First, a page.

Just about everyone has tossed around a Frisbee for fun. Dana Dunwoody is doing it for peace. At a summer camp in an Israeli desert, she is using the flying discs to bring together Israeli and Palestinian youth—and maybe change the world, one toss at time.
“As youths, we get inundated with information about who we are and what our cultures are, and when there’s a lot of violence and hostility going on, there’s a lot of misinterpretation,” says Dunwoody (SED’19), a doctoral candidate in applied human development. “To be able to come together and realize, I can have a say in changing that narrative, is a very empowering experience.”
This is Dunwoody’s second stint as a volunteer counselor at the Ultimate Peace camp. Using the grounds of an Israeli boarding school for a week each summer since 2007, the organization strives to build ties between Israeli and West Bank youths. It does that with Ultimate, a game that’s extremely competitive, but depends heavily on teamwork and sportsmanship. The 200 or so 10-to-16-year-old campers come for the hours of practice and games each day. They have some fun away from the burdens of daily life in that conflict-wracked corner of the world, and if things go the way they are supposed to go, they begin to see one another differently.
“We encourage conversation and sharing of culture,” says Dunwoody, who has a bachelor’s in psychology from Temple University and a master’s in athletic counseling from Springfield College. “We have a lot of different activities the kids do together to create safe spaces to share their identities and explore other cultures.”
Mostly, though, there is ultimate.
Flying-disc sports are a lot more organized than they were in the peace-and-love days of the 1960s. Millions of people in the United States regularly play ultimate, which is not officially called Ultimate Frisbee because Frisbee is a Wham-O trademark. Long Island native Dunwoody picked it up as an undergrad and quickly became an avid player.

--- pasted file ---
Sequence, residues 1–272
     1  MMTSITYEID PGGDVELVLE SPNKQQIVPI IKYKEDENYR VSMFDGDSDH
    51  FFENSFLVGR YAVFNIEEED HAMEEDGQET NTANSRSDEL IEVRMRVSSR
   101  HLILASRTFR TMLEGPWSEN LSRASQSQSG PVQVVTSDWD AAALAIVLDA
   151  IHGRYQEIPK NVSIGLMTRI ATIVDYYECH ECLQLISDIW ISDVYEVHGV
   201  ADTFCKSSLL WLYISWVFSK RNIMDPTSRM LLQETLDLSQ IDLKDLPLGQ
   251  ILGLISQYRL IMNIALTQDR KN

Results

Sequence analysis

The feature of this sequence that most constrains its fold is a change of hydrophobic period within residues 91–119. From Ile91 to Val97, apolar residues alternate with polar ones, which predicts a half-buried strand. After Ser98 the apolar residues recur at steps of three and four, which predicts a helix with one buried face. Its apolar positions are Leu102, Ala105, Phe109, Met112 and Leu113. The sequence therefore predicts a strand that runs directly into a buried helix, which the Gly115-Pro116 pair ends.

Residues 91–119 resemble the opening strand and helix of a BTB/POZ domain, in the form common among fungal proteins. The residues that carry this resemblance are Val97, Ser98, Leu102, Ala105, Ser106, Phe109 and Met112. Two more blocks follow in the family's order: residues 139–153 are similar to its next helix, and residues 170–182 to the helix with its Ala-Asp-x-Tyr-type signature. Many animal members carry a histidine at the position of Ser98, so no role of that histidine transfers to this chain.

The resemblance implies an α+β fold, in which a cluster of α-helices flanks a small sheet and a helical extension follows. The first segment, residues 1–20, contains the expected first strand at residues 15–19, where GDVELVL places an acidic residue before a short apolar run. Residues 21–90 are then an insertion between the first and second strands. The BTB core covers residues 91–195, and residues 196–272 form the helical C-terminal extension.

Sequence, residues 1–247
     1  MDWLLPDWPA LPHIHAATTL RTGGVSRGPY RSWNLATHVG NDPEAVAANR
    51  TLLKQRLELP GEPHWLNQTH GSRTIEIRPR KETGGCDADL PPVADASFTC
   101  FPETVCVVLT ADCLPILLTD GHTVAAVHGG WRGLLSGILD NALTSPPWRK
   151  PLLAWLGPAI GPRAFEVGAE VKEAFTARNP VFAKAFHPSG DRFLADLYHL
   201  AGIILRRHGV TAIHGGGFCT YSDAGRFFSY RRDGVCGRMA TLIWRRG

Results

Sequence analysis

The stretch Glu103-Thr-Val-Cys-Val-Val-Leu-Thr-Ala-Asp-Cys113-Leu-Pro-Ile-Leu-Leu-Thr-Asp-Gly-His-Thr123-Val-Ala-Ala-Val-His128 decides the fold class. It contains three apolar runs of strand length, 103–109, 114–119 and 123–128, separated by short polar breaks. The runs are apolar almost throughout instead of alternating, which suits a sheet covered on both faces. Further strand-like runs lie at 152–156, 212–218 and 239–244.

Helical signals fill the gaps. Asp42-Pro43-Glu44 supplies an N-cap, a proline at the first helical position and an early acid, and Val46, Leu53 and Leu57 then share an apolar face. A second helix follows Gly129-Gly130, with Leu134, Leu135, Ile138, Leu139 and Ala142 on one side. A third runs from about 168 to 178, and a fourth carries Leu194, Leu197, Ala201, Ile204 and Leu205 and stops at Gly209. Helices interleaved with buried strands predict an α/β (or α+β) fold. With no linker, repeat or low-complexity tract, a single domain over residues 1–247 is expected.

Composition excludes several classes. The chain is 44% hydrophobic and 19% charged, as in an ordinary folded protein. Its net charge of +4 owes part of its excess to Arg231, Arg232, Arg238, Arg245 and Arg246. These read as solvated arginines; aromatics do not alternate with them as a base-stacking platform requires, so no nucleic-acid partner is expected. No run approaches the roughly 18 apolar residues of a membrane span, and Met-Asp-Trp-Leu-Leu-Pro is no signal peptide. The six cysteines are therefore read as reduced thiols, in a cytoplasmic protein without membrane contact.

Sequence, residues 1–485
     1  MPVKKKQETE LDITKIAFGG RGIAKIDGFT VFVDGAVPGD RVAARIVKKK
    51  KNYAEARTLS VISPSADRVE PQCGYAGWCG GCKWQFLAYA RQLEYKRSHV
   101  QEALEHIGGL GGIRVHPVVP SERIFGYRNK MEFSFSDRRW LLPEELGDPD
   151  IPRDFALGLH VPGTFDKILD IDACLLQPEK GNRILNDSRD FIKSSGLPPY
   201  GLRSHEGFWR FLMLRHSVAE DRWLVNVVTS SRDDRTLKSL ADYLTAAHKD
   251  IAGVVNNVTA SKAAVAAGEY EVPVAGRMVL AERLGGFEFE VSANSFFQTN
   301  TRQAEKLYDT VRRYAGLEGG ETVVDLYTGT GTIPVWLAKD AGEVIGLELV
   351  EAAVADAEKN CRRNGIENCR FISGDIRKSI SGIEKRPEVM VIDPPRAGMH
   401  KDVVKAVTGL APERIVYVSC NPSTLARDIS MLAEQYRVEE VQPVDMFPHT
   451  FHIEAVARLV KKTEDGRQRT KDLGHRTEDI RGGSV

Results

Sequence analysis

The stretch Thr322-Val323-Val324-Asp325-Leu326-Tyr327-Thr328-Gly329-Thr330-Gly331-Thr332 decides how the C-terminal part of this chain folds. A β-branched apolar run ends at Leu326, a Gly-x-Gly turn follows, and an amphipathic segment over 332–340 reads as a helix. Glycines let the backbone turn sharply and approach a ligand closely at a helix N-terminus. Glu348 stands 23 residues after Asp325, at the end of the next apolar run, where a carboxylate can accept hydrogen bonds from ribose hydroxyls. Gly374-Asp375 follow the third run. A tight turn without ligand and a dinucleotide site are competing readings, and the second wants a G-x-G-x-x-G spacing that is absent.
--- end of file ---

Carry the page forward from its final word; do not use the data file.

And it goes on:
“You hear about these opportunities to use Ultimate culture as a way to connect people,” she says. Ultimate Peace, created by Ultimate-loving Americans and one Israeli, also offers a year-round program that brings Israeli and Palestinian youth together to play the game.
In Ultimate, the disc is advanced only by passing—players cannot run with the disc—and a team scores a point when one of its players catches the disc in the other team’s end zone. Most important, as far as Ultimate Peace is concerned, there is no referee, so players must call their own fouls.
According to USA Ultimate’s “Ultimate in 10 Simple Rules,” “Ultimate stresses sportsmanship and fair play. Competitive play is encouraged, but never at the expense of respect between players, adherence to the rules, and the basic joy of play.”
“The spirit of the game infiltrates all parts of your being,” says Dunwoody. “For me it feels like it’s alive. Every person manifests it in the way they communicate with you on and off the field. At Ultimate Peace, it’s mutual respect, but it’s also integrity and collaboration and cooperation.”
“The Ultimate Peace project is an example of sport for good, or sport for development, which is kind of an emerging field,” says Dunwoody’s faculty advisor John McCarthy (SED’98, SED’04), a School of Education clinical associate professor and director of the Institute for Athletic Coach Education. “These projects hold so much promise in areas where a lot of people have struggled and there are some really deep societal problems.”
“Dana’s very committed to social justice,” McCarthy says. “This project brings together a lot of her passions: social justice and her energy for using sport and exercise as a vehicle for positive change and just her kind of caring for other people.”
None of which surprises McCarthy. Dunwoody is SED’s first Holmes Scholar, and was elected national president of the program for 2017 to 2019. The Holmes Scholar Program, which is overseen by the American Association of Colleges for Teacher Education provides mentorship, peer support, and professional development to students from historically underrepresented backgrounds.
“She’s a bright light,” McCarthy says. “She can do a lot of good for a lot of people.”